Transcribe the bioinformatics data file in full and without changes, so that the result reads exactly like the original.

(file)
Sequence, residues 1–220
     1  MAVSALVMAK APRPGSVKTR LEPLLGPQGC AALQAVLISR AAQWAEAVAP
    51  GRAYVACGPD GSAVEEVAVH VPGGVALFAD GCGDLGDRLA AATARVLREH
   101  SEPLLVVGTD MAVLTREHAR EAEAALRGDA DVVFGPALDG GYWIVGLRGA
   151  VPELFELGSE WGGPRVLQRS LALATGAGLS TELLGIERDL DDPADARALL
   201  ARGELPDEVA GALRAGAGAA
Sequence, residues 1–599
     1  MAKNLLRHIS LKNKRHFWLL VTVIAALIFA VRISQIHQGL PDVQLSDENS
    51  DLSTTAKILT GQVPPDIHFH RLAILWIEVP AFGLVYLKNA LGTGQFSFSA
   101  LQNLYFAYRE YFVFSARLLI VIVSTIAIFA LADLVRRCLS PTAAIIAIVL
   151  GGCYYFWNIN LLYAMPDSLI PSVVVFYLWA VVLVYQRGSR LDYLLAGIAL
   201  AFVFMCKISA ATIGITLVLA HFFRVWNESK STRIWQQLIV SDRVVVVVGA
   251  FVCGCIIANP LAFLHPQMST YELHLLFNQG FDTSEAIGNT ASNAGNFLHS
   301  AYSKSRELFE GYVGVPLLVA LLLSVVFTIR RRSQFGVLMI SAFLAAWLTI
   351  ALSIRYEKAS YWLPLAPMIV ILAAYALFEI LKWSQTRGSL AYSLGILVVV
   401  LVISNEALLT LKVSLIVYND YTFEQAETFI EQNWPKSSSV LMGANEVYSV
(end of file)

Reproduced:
Sequence, residues 1–220
     1  MAVSALVMAK APRPGSVKTR LEPLLGPQGC AALQAVLISR AAQWAEAVAP
    51  GRAYVACGPD GSAVEEVAVH VPGGVALFAD GCGDLGDRLA AATARVLREH
   101  SEPLLVVGTD MAVLTREHAR EAEAALRGDA DVVFGPALDG GYWIVGLRGA
   151  VPELFELGSE WGGPRVLQRS LALATGAGLS TELLGIERDL DDPADARALL
   201  ARGELPDEVA GALRAGAGAA
Sequence, residues 1–599
     1  MAKNLLRHIS LKNKRHFWLL VTVIAALIFA VRISQIHQGL PDVQLSDENS
    51  DLSTTAKILT GQVPPDIHFH RLAILWIEVP AFGLVYLKNA LGTGQFSFSA
   101  LQNLYFAYRE YFVFSARLLI VIVSTIAIFA LADLVRRCLS PTAAIIAIVL
   151  GGCYYFWNIN LLYAMPDSLI PSVVVFYLWA VVLVYQRGSR LDYLLAGIAL
   201  AFVFMCKISA ATIGITLVLA HFFRVWNESK STRIWQQLIV SDRVVVVVGA
   251  FVCGCIIANP LAFLHPQMST YELHLLFNQG FDTSEAIGNT ASNAGNFLHS
   301  AYSKSRELFE GYVGVPLLVA LLLSVVFTIR RRSQFGVLMI SAFLAAWLTI
   351  ALSIRYEKAS YWLPLAPMIV ILAAYALFEI LKWSQTRGSL AYSLGILVVV
   401  LVISNEALLT LKVSLIVYND YTFEQAETFI EQNWPKSSSV LMGANEVYSV